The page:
Dutch watchdog criticizes Israeli tourism website for blurring borders
The Dutch advertising watchdog says 'misleading' information on Israel's tourism website does not show where the border lies between Israel and 'disputed' areas.
The Dutch advertising watchdog has criticized Israel for publishing "misleading" information on its tourism website that blurs the borders between Israel and occupied Arab territories.
The Advertising Code Committee says in a nonbinding ruling that material distributed by the Dutch branch of the Israeli National Tourism Board does not "clearly show where the border lies between what is internationally recognized as Israeli territory and 'disputed' areas."
Pro-Palestinian activists complained that the maps gave the impression that parts of the Palestinian West Bank and East Jerusalem are in Israel, as well as the Golan Heights captured from Syria.
The ruling, which can be appealed, has no immediate practical effect, and the committee cannot compel the Israeli tourism board to withdraw the ads. But it contributes to the international criticism of Israel's occupation at a time when it is in peace negotiations with the Palestinians over the future status of the territories.
Earlier this month, a group of mayors from Israel canceled a trip to the Netherlands after objections were raised that the delegation included mayors of Jewish settlements in the West Bank.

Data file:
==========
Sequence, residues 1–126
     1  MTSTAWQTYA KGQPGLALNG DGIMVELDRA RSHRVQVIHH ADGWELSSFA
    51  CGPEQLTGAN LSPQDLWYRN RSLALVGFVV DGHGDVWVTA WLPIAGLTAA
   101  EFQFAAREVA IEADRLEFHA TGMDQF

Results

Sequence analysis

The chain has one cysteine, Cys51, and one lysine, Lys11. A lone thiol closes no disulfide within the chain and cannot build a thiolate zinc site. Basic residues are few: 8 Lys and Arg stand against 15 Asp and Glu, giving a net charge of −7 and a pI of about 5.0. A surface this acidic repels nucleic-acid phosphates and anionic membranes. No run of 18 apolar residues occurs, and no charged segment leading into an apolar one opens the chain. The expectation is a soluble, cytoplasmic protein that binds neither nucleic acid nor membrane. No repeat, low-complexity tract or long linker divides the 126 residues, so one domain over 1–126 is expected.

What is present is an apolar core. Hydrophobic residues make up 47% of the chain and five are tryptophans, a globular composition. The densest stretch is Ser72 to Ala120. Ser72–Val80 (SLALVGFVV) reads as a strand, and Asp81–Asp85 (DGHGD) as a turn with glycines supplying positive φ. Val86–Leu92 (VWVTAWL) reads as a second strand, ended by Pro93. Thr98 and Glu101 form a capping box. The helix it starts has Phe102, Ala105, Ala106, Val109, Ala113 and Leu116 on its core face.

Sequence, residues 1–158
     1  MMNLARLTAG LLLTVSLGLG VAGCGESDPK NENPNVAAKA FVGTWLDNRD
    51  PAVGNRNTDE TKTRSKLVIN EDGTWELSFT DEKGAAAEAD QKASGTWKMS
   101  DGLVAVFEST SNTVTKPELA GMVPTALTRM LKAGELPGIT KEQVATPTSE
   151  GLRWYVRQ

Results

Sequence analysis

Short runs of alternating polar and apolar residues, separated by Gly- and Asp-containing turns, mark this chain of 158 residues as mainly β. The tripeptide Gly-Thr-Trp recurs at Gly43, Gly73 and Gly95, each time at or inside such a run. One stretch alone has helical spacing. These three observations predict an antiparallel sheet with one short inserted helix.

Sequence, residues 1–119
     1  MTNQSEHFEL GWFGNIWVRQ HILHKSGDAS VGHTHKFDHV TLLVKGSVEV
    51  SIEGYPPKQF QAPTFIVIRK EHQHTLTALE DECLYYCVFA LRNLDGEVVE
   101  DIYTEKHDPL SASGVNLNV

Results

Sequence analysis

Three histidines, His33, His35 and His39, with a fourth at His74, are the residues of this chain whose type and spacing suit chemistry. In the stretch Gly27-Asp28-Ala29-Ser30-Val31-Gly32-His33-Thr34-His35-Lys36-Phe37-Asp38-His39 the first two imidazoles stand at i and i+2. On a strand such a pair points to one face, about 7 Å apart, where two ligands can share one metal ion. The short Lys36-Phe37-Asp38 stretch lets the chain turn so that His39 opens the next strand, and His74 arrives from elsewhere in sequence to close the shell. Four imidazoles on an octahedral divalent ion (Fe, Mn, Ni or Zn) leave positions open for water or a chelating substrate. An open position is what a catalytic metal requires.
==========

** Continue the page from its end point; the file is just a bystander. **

Phon van den Biesen, a lawyer representing the activists, said Thursday that Israel should change its advertising material based on the ruling. He said the Israeli material was promoting towns in occupied territories such as Bethlehem as part of Israel.
"It is like inviting your friends to a party at your home while in fact you are inviting them to your neighbor's home who was not involved in the invitation," Van den Biesen said.
In Jerusalem, Israeli Foreign Ministry spokesman Yigal Palmor rejected the criticism.
"If you want to make a political reading of tourism campaigns, or just commercial advertisements, you'll always find ambiguities," he said. "The situation is ambiguous, and anybody who has basic knowledge of the situation here knows that is part of the problem, which is why we need a political peace treaty that would put an end to ambiguity as much as possible."
He also noted that advertising a place as being in "the land of Israel" is a biblical geographic term, and not a political statement.
It is not the first time Israel's attempts to lure tourists has fallen foul of advertising standards authorities.
Last year, a British advertising watchdog said an Israeli tourism poster could not be displayed because it suggested the West Bank and Gaza Strip are part of Israel.
The Western-backed Palestinian Authority rules over most Palestinian cities and towns in the West Bank, but Israeli forces retain overall control.
Israel seized the West Bank - a strip of hilly territory wedged between Israel and Jordan -- from Jordan during the Six Day War in 1967. Palestinians want the territory, as well as east Jerusalem and the Gaza Strip as their future independent state.
Parts of the West Bank are considered the biblical heartland of the Jews, particularly Hebron, where the devout believe that the prophet Abraham settled and where he was buried with his wife Sarah.
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